National Institutes of Health (Agency) and American Federation of Government, Local 2419 (Union)

65 FLRA No. 170                                                          
LOCAL 2419
May 18, 2011
Before the Authority: Carol Waller Pope, Chairman, and Thomas M. Beck and Ernest DuBester, Members
I.     Statement of the Case
        This matter is before the Authority on exceptions to an award of Arbitrator Robert A. Creo filed by the Agency under § 7122(a) of the Federal Service Labor-Management Relations Statute (the Statute) and part 2425 of the Authority’s Regulations. The Union did not file an opposition to the Agency’s exceptions.
        The Arbitrator concluded that the Agency violated the parties’ agreement by denying the grievant’s request for Union representation during a meeting (the meeting) where he was notified that his employment would be terminated. As a remedy, the Arbitrator ordered the Agency to conduct another meeting with the grievant and his Union representative, and to cease and desist from denying representation to similarly situated probationary employees. For the reasons set forth below, we grant the Agency’s exception and set aside the award as contrary to law.
II.    Background and Arbitrator’s Award
        The grievant’s supervisor asked the grievant, a probationary employee, to attend a meeting. Awardat 2. The grievant asked whether the meeting would be disciplinary and, if so, whether he needed to speak with a Union representative. Id. at 26. The supervisor informed him that a Union representative was not necessary as the sole purpose of the meeting was to “transmit documents.” Id. At the meeting, the supervisor and a human resources specialist informed the grievant that the Agency had decided to terminate his employment; however, they also presented the grievant with a memorandum of understanding (MOU) that gave him the option of resigning. Id. at 2. The grievant was given seven days to consider the MOU. The grievant asked to speak to a Union representative. The supervisor and the specialist denied the grievant’s request, but informed him that he could speak to one after the meeting. Id. Several days later, the grievant executed the MOU. Id. at 7.
        The Union presented a grievance concerning the grievant’s termination. The matter proceeded to arbitration, and the Arbitrator framed the following issues:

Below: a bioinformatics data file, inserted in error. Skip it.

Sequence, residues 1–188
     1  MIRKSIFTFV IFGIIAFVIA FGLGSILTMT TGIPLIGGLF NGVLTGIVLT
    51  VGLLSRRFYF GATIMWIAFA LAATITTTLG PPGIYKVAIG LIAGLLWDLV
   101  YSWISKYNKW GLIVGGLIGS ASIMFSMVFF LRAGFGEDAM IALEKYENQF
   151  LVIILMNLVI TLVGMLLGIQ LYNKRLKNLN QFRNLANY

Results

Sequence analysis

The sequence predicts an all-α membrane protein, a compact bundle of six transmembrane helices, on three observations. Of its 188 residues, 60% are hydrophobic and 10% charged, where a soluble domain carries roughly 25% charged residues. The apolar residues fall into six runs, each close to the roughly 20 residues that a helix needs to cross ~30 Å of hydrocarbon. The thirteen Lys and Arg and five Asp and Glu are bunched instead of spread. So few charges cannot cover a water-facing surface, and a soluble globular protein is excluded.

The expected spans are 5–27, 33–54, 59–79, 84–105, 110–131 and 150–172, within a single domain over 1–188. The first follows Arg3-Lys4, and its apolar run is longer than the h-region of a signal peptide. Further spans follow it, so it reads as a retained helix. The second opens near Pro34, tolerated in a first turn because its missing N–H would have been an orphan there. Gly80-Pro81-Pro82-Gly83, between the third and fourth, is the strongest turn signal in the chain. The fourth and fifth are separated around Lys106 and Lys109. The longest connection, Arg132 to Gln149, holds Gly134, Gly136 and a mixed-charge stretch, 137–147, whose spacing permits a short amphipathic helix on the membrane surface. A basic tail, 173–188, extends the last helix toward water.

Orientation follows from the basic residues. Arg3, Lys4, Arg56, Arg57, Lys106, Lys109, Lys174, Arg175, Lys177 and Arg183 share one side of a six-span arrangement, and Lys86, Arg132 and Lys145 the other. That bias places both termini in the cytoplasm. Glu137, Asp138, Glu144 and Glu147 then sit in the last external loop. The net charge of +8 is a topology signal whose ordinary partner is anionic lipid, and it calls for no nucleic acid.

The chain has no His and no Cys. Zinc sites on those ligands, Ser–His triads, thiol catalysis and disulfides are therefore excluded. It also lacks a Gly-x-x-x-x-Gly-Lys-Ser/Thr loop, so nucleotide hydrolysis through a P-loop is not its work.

1)  Is the [g]rievance arbitrable?[1]
2) Did the Agency violate the [parties’] [a]greement, applicable law[2] or regulations by its processing of the termination of [the grievant, a] probationary employee . . . ? If yes, what shall the remedy be?
Id. at 10.       
        As to the alleged contractual violation, the Union asserted that the Agency violated Article 28, Section 2 of the parties’ agreement concerning probationary employees.[3] Exceptions, Attach. 4, Agency’s Closing Brief at 3. The Union requested the grievant’s reinstatement. Award at 23-24. The Agency argued that reinstatement was not authorized because the Authority has consistently “held that a grievance concerning the separation of a probationary employee is excluded from the scope of negotiated grievance procedures based on the statutory and regulatory scheme for a probationary period of employment set forth in 5 U.S.C. [§] 3321 and 5 C.F.R. part 315, subpart H.” Exceptions, Attach. 4, Agency’s Closing Brief at 12 (citing AFGE, Local 2006,58 FLRA 297, 298 (2003) (AFGE); Dep’t of Health & Human Servs., SSA, 14 FLRA 164 (1984)).
        The Arbitrator concluded that the Agency violated the parties’ agreement by denying the grievant’s request for representation during the meeting; however, he did not state which contract provision the Agency violated. Award at 25. The Arbitrator acknowledged that he could not review the merits of the grievant’s termination; thus, he could not reinstate the grievant. Id. at 27. However, the Arbitrator ordered the Agency to hold a meeting with the grievant anda Union representative to discuss the grievant’s termination. The Arbitrator stated that, although he could not mandate that the Agency reverse its decision to terminate the grievant, the Agency would not be permitted to convert the resignation into a termination. Id.  The Arbitrator further ordered the Agency to cease and desist from “denying Union representation to probationary employees during meetings where they are issued discipline, including a notice of termination, which results in them being removed from the premises or otherwise suspended from reporting for their regular duty assignment.” Id. at 28.
III. Agency’s Exceptions
        The Agency avers that the award is contrary to law for two reasons.
        First, the Agency asserts that the award impermissibly expands the procedural protections afforded to probationary employees under Office of Personnel Management (OPM) Regulations. Exceptions at 8. The Agency avers that, under OPM Regulations, a probationary employee facing termination does not have the right to explain or defend himself/herself. Id. (citing NTEU,39 FLRA 848 (1991) (NTEU)). The Agency further contends that collective bargaining agreements cannot be used to expand OPM’s procedural protections. Id. Thus, according to the Agency, the award is contrary to “statutory and regulatory scheme for probationary periods of employment set forth in 5 C.F.R. part 315, subpart H.” Id. (citing AFGE,58 FLRA at 297).
        Second, the Agency argues that the Arbitrator incorrectly concluded that the grievant was entitled to Union representation during the meeting. Id. at 5-6. The Agency claims that, under § 7114(a)(2)(B) of the Statute, the grievant did not have a right to representation because the meeting involved the notification of discipline, rather than the imposition of discipline. Id. at 6.
IV. Analysis and Conclusion: the award is contrary to law.